Role of Vaccination-Induced Immunity and Antigenic Distance in Transmission Dynamics Investigated Using Highly Pathogenic Avian influenza (HPAI) H5N1 Virus Escape Mutants

Research output: Contribution to conferenceAbstractAcademic

Abstract

Evolution of avian influenza viruses – especially of the highly pathogenic avian influenza (HPAI) H5N1 subtype – is a major issue, since HPAI H5N1 epidemics are associated with huge economic losses and connected to human morbidity and mortality. Vaccination as a means to prevent transmission has oftentimes been reported as being ineffective and as a potential driving force in the selection of immune escape mutants. In order to improve vaccination efficiency therefore, it is essential to study and quantify how vaccine dose and antigenic distance between vaccine and field strains may affect transmission. To this effect we use mutants selected under pressure from homologous polyclonal sera and their parent strains to study the role of vaccine dose and antigenic distance between vaccine and challenge strains in the transmission dynamics of these strains. We have conducted transmission experiments in chickens vaccinated with high and low doses of selected immune escape mutants. Our results show that the level of vaccination-induced haemagglutination inhibition (HI) titre is the single most important factor in determining whether transmission of the challenge strains takes place in a vaccinated population. We demonstrate that antigenic distance between vaccine and challenge strains is not a major factor in the transmission dynamics of the strains used, since the effect of vaccination dose on HI titre is much larger than the effect of antigenic distance on HI titre. The reduction in transmission due to animals with higher HI titres is caused by lower infectivity and not lower susceptibility.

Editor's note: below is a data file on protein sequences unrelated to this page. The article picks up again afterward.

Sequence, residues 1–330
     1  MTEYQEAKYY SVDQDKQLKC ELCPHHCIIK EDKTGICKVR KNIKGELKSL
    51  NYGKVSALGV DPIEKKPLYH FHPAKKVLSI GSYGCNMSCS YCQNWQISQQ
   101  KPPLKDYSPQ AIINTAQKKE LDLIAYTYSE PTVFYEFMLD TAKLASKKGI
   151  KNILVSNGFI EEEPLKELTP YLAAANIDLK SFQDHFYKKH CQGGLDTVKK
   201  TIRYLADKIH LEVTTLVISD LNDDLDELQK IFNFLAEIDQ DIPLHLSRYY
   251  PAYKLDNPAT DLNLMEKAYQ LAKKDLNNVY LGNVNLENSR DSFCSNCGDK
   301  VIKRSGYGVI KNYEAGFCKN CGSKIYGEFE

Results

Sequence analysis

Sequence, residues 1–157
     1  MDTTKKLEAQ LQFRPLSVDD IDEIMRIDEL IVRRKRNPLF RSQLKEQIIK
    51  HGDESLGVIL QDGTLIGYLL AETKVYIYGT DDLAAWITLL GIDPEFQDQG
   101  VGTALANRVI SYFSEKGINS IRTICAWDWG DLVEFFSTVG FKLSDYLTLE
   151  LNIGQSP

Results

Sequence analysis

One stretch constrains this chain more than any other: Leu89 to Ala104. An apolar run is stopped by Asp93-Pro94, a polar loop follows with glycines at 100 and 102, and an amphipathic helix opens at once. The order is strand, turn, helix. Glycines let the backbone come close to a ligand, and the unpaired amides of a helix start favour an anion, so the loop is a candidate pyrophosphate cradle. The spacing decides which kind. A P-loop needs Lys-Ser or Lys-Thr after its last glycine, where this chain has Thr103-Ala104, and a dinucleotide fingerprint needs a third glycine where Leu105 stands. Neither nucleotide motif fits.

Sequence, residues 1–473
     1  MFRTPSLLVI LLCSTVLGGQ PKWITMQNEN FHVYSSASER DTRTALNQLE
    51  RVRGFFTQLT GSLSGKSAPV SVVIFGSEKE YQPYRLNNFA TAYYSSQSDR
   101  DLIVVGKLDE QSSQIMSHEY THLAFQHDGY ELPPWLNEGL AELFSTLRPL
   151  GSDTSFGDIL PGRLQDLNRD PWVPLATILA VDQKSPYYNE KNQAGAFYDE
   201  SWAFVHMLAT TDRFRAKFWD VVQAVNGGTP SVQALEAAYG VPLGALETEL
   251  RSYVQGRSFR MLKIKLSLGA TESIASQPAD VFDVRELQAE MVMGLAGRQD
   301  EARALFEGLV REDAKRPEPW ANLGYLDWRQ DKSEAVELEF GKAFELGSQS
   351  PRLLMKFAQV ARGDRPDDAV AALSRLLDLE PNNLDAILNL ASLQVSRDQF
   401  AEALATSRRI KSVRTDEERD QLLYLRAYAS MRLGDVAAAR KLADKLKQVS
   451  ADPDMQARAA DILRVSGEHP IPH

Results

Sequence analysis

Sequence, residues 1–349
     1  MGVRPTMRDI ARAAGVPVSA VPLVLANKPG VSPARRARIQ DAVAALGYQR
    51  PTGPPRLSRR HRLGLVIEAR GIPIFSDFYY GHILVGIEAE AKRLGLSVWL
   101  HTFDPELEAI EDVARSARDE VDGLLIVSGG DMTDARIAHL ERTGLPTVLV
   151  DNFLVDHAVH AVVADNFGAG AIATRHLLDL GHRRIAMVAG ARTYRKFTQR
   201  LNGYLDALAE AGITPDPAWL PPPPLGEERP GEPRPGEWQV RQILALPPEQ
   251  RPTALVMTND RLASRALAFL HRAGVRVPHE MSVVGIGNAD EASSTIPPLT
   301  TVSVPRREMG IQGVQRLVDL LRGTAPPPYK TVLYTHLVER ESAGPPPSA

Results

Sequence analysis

Original languageEnglish
Publication statusPublished - 13 Apr 2015
Event9th International Symposium on Avian Influenza - University of Georgia Center for Continuing Education, Athens, Georgia, United States
Duration: 12 Apr 201515 Apr 2015

Conference

Conference9th International Symposium on Avian Influenza
CountryUnited States
CityAthens, Georgia
Period12/04/1515/04/15

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H5N1 Subtype Influenza A Virus
Influenza in Birds
Orthomyxoviridae
Hemagglutination
Immunity
Vaccination
Vaccines
Chickens
Economics
Morbidity
Pressure
Mortality
Serum
Population

Cite this

@conference{26b5be0ab93c4a91a87f204239f292f5,
title = "Role of Vaccination-Induced Immunity and Antigenic Distance in Transmission Dynamics Investigated Using Highly Pathogenic Avian influenza (HPAI) H5N1 Virus Escape Mutants",